Mark Daniels: Patriots believe in Mac Jones, but are frustrated by offense
FOXBOROUGH – You could hear the joyous screams. You could see the smiles. The Patriots locker room was rocking on Sunday evening. Following Marcus Jones’ 84-yard game-winning punt return for a touchdown, players were in a euphonic inside Gillette Stadium.
It’s hard to win in the NFL. It’s hard to beat division opponents. It’s even harder to beat those division opponents twice. For those reasons, Patriots offensive players were happy. For other reasons, they weren’t.
They put on smiling faces afterward, but knew what they did – score three points at home against the New York Jets – wasn’t close to good enough.
“It’s super frustrating. It’s not good enough on our side of the ball. It’s just not,” said tight end Hunter Henry. “We’re not bringing it. We moved the ball, but we just beat ourselves and did not do very smart things. It’s the same script. We’ve got to fix it.”
Another Sunday meant another slow offensive performance. Two steps forward and two steps back. There were more negative plays and penalties. More porous offensive line play. The game had an offensive rhythm that either put you to sleep or made you want to bang your head against the wall. To make matters worse, this 3-point performance comes off the bye week where the hope was that this group would improve.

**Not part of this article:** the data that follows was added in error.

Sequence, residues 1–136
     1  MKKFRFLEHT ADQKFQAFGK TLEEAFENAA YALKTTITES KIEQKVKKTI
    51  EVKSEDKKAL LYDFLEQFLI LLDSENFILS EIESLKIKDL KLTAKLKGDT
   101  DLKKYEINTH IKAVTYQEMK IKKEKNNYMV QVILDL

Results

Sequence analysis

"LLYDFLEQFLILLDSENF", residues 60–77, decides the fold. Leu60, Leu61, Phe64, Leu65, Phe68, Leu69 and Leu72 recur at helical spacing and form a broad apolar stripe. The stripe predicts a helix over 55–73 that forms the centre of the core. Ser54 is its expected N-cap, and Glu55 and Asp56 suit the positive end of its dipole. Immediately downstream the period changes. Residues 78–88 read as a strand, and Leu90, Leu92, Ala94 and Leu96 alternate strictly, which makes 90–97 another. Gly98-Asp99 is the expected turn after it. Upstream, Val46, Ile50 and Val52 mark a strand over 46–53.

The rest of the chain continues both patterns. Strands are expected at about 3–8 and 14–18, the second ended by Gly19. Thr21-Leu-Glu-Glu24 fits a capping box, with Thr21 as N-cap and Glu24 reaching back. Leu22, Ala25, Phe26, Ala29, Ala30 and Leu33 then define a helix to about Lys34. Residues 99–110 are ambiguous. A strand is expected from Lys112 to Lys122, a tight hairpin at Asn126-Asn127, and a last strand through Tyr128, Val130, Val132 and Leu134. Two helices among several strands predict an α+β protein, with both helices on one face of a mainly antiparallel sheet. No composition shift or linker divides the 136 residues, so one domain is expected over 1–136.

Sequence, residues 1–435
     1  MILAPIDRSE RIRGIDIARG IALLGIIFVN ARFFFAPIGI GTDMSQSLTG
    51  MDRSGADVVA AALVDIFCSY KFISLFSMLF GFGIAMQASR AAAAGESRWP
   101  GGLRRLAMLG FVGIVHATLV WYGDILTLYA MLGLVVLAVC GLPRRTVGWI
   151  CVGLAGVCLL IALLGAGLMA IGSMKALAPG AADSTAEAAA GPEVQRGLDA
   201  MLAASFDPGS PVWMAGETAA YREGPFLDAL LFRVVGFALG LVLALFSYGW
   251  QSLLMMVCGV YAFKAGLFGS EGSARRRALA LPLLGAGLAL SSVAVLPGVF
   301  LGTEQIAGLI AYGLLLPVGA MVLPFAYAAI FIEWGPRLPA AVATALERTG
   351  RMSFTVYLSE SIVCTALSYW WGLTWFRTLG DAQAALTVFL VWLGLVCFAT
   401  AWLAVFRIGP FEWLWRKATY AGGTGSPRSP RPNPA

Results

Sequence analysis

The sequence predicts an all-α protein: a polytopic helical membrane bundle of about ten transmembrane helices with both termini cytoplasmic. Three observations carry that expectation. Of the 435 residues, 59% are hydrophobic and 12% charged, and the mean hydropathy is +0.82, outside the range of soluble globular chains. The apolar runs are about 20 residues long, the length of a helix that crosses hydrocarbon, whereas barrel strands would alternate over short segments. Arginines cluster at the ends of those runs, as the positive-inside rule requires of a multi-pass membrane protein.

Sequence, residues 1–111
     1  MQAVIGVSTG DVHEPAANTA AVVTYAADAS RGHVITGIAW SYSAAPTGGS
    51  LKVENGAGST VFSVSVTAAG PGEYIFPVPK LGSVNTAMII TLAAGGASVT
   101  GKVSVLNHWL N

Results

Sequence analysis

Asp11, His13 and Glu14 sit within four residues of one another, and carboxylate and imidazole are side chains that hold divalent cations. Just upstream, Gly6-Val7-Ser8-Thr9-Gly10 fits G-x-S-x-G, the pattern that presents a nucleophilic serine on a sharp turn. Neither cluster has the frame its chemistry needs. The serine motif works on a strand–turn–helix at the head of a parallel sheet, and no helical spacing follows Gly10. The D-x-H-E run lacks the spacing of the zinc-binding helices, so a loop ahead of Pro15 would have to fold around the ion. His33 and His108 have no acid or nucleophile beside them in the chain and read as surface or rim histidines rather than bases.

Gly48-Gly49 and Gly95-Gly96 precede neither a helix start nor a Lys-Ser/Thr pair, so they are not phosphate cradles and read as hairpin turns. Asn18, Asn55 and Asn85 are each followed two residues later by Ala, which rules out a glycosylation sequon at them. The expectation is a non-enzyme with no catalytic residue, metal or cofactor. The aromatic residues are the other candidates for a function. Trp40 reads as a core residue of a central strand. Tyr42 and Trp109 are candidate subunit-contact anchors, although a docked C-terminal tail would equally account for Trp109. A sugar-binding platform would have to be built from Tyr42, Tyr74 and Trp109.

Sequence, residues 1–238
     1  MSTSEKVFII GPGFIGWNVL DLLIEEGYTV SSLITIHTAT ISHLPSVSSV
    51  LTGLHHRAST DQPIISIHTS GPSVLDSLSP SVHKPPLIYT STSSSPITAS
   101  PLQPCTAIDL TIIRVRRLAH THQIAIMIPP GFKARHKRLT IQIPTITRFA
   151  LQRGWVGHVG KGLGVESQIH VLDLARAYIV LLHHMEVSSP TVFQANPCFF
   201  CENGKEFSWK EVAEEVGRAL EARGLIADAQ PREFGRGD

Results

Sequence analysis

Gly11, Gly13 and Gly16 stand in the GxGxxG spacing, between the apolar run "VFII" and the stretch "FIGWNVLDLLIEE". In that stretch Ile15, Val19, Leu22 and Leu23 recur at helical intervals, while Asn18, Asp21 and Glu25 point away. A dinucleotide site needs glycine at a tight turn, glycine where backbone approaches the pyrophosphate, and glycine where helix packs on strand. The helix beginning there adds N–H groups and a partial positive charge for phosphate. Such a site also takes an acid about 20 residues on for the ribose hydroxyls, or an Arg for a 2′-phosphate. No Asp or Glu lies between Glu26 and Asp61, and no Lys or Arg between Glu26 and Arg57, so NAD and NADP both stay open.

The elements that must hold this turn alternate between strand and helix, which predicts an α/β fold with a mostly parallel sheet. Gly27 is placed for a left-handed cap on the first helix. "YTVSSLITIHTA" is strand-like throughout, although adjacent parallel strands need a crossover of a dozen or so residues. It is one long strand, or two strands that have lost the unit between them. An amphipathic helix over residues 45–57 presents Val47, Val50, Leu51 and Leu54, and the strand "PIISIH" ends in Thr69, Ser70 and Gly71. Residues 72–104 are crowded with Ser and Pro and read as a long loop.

Offensive players left Gillette Stadium with mixed emotions. They improved to 6-4 and are in position to fight for a playoff spot. However, they’re 11 weeks in this NFL season and having the same struggles we saw in Week 1.
“That’s been the whole year,” said right guard Michael Onwenu. “We’ve been trying to stop with the penalties and stop beating ourselves.”
Can the Patriots figure this out?
From the outside, people question if the Patriots have the talent to be better on the offensive end. In the building, it’s never been a matter of confidence. Even through Mac Jones’ tough start to the season, players truly believed they had the right pieces to win games.
If there was a silver lining on Sunday – other than the fact that the Patriots gained 297 yards – it was that Jones looked improved.
The last time Jones played the Jets, he threw 194 yards to go with a touchdown and one interception. Truthfully, he was lucky to finish with just one interception. That game saw Jones sacked a career-high six times. The Jets again sacked the quarterback a career-high six times on Sunday, but this time he looked different. Jones completed 85% of his passes (23/27) for 246 yards.
On a day where the offense looked bad, the quarterback didn’t look like the problem.
We have to get the ball out of Mac’s hands. Like you saw, when he’s on time and everything is good, he’s one of the best. He’s great,” Henry said. “We’ve got to protect him. Everything has to come out on time. You can see how good he is when those balls are coming out.”
“He’s been doing a lot of good things and being very careful with the football,” Jonnu Smith added. “He’s making the right reads and doing everything he can. Mac’s a hell of a player, hell of a teammate and I have all the confidence in the world in him.”
In the past two games, against two good defenses, Jones has completed 75% (43/57) of his passes for 393 yards. He’s now gone two games straight without an interception since Week 12 and Week 13 of last season.